Advanced breast cancer incidence following population-based mammographic screening
Study Design: Systematic review of published data from January 1990 to June 2009 on incidence trends of advanced breast cancer in areas with mammography screening for at least 7 years and high rates of screening participation. Data from the literature was supplemented with data from several population-based cancer registries.
Study Eligibility: Data or studies that reported a time trend of advanced invasive breast cancer incidence in the general population, with information on cancer size or stage. Other inclusion criteria were incidence reported for at least 7 years after screening began, and screening attendance in the target group of ≥60% during at least the last 3-4 years of observation. Exclusion criteria were reporting of size or stage as a percentage of a total number of cases and obtaining results by application of models to cancer registry data.
Enrollment: Data from eight published studies, a report issued by the Dutch National Evaluation Team for Breast Cancer Screening, as well as data collected by the following cancer registries: Tasmania, Northern Ireland, Scottish, the nine oldest SEER areas, and the NCI’s Historical Connecticut Tumor Registry.
Research Question: Does mammography screening reduce the incidence of advanced breast cancer?
Many studies have investigated the impact of mammography screening on the observed reduction in breast cancer mortality; however, the challenge of separating the impact of screening and newer, more efficacious treatments on mortality remains. Mammography screening alone would impact breast cancer mortality through earlier diagnosis, thus decreasing the number of more advanced cancers found in years after screening began. In this systematic review of published data, Autier et al. explored the impact of screening on the incidence of advanced breast cancer.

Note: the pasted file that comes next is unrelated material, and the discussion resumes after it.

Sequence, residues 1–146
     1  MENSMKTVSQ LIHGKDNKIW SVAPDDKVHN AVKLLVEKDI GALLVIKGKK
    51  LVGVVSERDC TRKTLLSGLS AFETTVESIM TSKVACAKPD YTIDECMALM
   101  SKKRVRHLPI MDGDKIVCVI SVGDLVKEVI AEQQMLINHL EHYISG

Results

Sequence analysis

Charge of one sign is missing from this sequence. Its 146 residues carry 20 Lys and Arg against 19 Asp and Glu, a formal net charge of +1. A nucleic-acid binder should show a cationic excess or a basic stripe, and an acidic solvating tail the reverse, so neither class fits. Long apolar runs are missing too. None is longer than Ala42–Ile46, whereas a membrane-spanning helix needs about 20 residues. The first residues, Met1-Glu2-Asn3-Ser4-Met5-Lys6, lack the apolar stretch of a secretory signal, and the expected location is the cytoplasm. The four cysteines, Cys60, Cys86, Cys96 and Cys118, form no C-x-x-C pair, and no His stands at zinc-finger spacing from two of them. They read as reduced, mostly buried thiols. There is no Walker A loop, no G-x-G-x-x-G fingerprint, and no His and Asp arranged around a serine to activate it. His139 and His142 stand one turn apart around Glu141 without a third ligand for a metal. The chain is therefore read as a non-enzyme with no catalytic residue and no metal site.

The researchers conducted a systematic review of data published from January 1990 to June 2009 on incidence trends of advanced breast cancer in areas with mammography screening for at least 7 years and high rates of screening participation. Data from eight studies were supplemented with data from several population-based cancer registries (Tasmania, Northern Ireland, Scotland, the nine oldest SEER registries– Connecticut, Hawaii, Iowa, New Mexico, Utah, Atlanta, Detroit, San Francisco-Oakland, and Seattle-Puget Sound, and NCI’s Historical Connecticut Tumor Registry). A report issued by the Dutch National Evaluation Team for Breast Cancer Screening was also included in this analysis. Advanced cancers were considered tumors ≥ 20mm in size (T2 or above in the TNM staging schema), or stage II-IV. Annual percent changes (APC) and 95% confidence intervals depicted the age-adjusted incidence rates of advanced breast cancer over time.
The percentage of eligible women participating in mammography screening was high in all areas, ranging from 60% to 88%. Age-adjusted APCs were stable or increasing (APCs of -0.5% to 1.7%) after implementation of mammography screening in the following areas: Northern Ireland, Scotland, Norway and Geneva (Switzerland), New Mexico, Rhode Island, and Australia. However, in Firenze (Italy), the Netherlands, SEER, and Connecticut, there were downward trends in the APCs followed by increases back to pre-screening rates. In many of these areas, the downward trend was observed in years preceding screening and before participation to screening was substantial.
Limitations of this study include lack of published data on breast cancer incidence by size or stage, which the authors have identified as an area of improvement for cancer registries. Also, in some areas, incidence rates were reported for a wider age group than the target group for screening.
Screening is often praised for its ability to reduce breast cancer mortality without evidence that this is actually true. These results do not support a role of mammography screening in reducing breast cancer mortality. Early detection through colorectal and cervical cancer screening has resulted in substantially fewer advanced cancers for these diseases, contributing to the cancer-specific mortality reductions. Further research is needed to determine what factors have contributed to the decline in breast cancer mortality since 1990.
Autier P, Boniol M, Middleton R, et al. “Advanced breast cancer incidence following the population-based mammographic screening.” Ann Oncol. 2011 Jan 20; doi: 10.1093/annonc/mdq633